To perform, and to be seen to perform
Medical Board of Australia Chair Dr Joanna Flynn has raised the possibility that doctors be required to undertake communication skills training as part of their on-going professional development.
An AMA National Conference policy session on medical self-regulation was told that most complaints made about medical practitioners revolved around behavioural issues rather than technical performance, prompting discussion about ways to improve the communications skills of doctors.
Panellist Associate Professor Matthew Thomas, a specialist in human factors and safety management, said that for too long technical and communication skills had been viewed separately, and he welcomed the move in recent decades to include interviews as part of the selection process for admission to medical school.
Dr Flynn raised the possibility that training in communication skills could be made a mandatory component of Continuing Professional Development (CPD) requirements, though she qualified this by adding that there was “no point in creating something meaningless”.
But A/Professor Thomas said communication skills could be learned like any other, and should be a focus of training.
The discussion formed part of a broader debate about the regulation of the medical profession and assurance about the quality of care it provides.
In particular, the panellist discussed the implications of extended working lives, and the growing number of practitioners.
Dr Flynn said official figures showed that an increasing number of procedures were being performed by doctors over the age of 70, and the number of complaints per hours worked increased as practitioners got older.
The MBA Chair said cognitive decline and a loss of physical agility were aspects of ageing that could affect performance.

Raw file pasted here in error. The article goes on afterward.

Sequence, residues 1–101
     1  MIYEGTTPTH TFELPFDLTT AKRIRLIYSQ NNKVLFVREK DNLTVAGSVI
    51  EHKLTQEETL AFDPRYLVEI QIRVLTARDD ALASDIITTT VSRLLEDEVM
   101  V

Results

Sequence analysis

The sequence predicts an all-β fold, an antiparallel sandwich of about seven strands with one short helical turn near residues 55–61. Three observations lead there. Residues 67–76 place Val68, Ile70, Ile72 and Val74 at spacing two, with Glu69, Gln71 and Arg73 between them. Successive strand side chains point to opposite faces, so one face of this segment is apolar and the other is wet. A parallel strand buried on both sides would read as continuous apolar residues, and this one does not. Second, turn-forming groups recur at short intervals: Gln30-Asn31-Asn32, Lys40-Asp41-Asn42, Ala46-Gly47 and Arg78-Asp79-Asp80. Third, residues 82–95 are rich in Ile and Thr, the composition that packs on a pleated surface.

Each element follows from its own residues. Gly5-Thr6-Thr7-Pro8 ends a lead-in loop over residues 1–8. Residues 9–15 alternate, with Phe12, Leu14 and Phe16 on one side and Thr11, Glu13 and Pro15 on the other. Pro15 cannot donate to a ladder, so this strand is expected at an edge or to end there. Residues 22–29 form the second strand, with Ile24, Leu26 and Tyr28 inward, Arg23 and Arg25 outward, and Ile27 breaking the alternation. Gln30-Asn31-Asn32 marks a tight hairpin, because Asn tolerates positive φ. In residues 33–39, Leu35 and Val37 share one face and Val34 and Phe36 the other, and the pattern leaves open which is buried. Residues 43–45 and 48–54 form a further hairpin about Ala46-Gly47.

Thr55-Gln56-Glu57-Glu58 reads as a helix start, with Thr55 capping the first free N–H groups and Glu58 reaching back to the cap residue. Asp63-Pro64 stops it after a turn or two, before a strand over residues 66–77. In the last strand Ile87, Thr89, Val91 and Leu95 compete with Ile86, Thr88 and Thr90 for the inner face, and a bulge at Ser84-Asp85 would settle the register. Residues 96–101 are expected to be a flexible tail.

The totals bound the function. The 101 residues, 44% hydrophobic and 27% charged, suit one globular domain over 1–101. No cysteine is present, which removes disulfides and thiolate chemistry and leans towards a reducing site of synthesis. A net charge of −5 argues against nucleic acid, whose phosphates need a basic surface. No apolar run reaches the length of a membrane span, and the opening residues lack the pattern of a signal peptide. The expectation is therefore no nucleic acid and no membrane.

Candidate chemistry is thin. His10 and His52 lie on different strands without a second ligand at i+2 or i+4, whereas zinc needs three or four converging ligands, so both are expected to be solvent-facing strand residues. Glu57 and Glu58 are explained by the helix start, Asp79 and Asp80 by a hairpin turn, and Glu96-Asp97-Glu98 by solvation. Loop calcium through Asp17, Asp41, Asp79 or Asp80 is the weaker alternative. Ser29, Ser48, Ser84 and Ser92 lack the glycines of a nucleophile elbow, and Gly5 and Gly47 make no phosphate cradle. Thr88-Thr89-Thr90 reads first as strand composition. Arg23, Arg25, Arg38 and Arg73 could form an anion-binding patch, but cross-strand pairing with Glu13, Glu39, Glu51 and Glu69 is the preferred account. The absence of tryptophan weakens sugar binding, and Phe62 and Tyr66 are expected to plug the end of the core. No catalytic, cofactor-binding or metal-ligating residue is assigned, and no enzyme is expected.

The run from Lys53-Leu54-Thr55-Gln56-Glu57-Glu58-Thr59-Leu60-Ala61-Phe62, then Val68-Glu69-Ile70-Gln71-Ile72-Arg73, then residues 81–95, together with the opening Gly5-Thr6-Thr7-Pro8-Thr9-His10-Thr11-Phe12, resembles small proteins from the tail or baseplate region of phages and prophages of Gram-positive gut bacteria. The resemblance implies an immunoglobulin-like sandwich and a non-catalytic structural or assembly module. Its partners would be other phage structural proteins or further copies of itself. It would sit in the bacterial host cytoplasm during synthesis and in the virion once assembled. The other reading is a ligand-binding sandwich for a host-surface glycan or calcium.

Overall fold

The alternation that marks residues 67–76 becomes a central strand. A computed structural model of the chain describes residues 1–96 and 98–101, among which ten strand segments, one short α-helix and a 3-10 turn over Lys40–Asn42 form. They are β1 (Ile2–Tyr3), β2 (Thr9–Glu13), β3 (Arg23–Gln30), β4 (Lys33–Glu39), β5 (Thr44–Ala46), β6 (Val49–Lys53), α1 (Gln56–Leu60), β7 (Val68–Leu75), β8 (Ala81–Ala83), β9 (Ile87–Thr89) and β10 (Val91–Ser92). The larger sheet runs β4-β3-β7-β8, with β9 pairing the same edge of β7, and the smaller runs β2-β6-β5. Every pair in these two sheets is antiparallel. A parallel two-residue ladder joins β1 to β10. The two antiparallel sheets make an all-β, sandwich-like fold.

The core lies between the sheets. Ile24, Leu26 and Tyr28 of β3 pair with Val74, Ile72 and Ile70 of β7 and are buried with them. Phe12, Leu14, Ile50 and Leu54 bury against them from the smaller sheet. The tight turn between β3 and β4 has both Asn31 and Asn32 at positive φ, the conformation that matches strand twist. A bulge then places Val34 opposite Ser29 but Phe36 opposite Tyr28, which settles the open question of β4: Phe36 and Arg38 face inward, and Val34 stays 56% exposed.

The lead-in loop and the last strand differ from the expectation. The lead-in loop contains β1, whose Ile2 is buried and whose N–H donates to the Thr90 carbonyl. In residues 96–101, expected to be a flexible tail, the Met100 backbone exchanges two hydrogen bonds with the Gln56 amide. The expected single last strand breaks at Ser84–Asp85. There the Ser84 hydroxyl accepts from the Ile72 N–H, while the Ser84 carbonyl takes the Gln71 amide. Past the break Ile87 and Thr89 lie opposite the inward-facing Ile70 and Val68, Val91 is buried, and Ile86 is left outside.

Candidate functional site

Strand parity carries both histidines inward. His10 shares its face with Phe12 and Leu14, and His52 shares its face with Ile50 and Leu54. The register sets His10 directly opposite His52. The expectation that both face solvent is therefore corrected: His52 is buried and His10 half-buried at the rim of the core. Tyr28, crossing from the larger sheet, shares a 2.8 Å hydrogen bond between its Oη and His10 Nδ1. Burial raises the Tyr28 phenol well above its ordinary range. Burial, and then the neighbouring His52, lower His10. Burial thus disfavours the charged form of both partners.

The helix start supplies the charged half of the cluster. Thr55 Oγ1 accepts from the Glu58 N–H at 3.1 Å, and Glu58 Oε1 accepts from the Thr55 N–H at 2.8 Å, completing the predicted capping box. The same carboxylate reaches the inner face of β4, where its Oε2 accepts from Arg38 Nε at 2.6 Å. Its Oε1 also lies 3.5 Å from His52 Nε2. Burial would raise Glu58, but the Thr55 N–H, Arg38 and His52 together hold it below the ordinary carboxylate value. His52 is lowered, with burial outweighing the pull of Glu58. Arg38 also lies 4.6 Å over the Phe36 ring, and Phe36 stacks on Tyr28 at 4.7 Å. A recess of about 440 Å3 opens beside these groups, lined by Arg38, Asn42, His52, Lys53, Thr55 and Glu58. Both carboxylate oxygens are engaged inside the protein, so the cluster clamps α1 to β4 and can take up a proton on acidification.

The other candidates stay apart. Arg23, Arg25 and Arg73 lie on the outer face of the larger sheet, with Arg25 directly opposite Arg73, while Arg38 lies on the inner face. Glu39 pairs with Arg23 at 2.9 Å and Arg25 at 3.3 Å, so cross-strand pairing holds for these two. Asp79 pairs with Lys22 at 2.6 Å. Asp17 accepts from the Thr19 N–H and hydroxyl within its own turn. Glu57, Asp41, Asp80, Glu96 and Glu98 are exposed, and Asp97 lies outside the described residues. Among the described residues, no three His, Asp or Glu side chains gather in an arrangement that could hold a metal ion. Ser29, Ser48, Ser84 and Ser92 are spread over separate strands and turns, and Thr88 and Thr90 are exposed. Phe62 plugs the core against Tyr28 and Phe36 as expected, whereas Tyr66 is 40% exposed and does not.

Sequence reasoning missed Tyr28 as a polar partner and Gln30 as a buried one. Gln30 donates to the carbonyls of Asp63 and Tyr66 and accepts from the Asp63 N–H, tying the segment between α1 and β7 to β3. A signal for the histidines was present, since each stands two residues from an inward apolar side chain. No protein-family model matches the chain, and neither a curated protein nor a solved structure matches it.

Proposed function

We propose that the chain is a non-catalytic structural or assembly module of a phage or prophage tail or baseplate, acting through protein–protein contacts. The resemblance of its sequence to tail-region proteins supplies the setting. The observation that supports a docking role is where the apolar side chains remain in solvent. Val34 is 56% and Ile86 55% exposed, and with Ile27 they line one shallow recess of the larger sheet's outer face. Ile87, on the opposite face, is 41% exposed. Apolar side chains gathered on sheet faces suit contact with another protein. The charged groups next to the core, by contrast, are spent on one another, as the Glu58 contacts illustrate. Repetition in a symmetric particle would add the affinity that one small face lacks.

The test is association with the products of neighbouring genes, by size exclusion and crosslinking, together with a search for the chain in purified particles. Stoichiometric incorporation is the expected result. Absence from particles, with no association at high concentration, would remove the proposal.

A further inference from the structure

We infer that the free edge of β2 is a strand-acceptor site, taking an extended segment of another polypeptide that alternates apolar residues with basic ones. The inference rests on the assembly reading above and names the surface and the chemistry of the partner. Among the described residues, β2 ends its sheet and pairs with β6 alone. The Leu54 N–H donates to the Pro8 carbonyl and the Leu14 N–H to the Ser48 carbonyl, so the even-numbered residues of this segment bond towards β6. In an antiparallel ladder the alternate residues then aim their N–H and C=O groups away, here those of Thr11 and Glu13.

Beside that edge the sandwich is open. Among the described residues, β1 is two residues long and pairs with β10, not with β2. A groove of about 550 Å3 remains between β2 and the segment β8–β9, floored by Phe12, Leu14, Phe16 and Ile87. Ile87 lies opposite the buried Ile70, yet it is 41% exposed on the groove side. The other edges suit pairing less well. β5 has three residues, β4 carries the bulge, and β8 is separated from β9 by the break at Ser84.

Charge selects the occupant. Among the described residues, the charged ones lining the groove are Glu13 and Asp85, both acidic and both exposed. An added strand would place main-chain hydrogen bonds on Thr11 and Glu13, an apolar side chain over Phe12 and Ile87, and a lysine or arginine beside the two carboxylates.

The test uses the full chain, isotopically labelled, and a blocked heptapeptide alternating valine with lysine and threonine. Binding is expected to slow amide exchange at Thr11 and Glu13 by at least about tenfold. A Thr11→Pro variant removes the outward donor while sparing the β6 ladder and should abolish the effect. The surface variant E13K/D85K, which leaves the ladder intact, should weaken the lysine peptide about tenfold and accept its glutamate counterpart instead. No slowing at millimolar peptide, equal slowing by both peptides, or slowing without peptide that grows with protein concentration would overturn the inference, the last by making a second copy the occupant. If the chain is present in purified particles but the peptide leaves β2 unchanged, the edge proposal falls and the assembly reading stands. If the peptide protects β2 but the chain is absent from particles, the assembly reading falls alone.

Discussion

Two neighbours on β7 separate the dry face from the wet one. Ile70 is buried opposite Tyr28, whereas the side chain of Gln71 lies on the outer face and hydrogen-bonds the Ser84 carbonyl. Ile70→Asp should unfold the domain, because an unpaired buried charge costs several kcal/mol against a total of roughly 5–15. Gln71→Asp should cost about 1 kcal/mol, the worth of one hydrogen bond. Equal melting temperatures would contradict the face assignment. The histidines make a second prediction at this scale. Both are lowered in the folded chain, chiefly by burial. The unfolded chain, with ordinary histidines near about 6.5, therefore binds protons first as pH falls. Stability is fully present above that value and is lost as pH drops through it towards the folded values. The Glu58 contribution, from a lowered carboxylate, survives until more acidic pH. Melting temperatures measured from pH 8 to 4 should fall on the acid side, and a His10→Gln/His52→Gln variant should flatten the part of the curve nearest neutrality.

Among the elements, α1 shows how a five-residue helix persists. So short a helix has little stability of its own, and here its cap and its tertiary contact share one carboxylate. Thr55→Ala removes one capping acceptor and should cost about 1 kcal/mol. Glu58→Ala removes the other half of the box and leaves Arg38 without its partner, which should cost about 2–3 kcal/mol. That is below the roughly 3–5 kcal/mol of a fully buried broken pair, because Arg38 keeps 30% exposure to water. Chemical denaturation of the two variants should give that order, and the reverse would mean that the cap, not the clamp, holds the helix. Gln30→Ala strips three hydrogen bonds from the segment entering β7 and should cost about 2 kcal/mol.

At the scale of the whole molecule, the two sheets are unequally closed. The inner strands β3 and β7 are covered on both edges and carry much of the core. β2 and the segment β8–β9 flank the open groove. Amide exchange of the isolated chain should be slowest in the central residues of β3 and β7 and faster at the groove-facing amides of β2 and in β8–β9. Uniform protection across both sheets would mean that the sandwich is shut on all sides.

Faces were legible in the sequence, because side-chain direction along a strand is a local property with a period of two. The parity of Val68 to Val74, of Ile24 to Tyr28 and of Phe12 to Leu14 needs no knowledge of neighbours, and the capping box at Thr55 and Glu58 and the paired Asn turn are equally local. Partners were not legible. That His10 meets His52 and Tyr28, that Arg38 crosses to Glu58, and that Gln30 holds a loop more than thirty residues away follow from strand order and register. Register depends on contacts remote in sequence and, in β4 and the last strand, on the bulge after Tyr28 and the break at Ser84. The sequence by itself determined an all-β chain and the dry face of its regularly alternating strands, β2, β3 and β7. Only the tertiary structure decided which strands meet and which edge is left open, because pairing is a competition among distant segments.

The Medical Board is currently considering the introduction of a revalidation process to ensure practitioners remain fit to practice medicine, and Dr Flynn said one of the aspects under consideration was whether revalidation should be “stratified” to address particular characteristics such as age, volume of work, and sole versus group practice.
Increases in the medical workforce also have implications for quality.
One of the concerns about sole practitioners is that there is not the informal safety net of colleagues who can pick up problems in the way they practice.
By contrast, working in a group environment increases the ability to share workload, reducing the likelihood of errors caused by fatigue and pressures of time, and it also reduces the pressure on individual doctors to ensure continuity of care.
A/Professor Thomas said the development of a team-based approach to continuity of care was welcome: “The world is not going to end if there is an end to the ‘one doctor, one patient’ model of care”.
He said working in a team could also provide an extra layer of assurance around performance, because any shortcomings in the performance of one practitioner would be extrapolated to the team – meaning all had a vested interest in holding up standards.